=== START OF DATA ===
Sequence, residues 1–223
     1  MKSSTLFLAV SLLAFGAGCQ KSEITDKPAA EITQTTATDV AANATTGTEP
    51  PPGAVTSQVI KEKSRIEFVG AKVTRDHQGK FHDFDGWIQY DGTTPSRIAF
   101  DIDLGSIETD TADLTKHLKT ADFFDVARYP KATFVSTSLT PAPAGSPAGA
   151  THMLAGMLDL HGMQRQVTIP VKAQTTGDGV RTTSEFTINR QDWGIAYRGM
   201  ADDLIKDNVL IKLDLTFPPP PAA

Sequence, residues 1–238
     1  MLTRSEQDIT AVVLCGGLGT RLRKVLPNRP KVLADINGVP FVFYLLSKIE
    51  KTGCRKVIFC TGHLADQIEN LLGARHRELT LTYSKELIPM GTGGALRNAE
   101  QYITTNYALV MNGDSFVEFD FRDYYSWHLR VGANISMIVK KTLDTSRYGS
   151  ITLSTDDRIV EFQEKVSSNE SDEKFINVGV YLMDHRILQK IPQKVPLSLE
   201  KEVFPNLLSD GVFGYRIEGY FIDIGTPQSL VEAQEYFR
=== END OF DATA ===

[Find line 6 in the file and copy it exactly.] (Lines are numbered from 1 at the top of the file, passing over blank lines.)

   201  ADDLIKDNVL IKLDLTFPPP PAA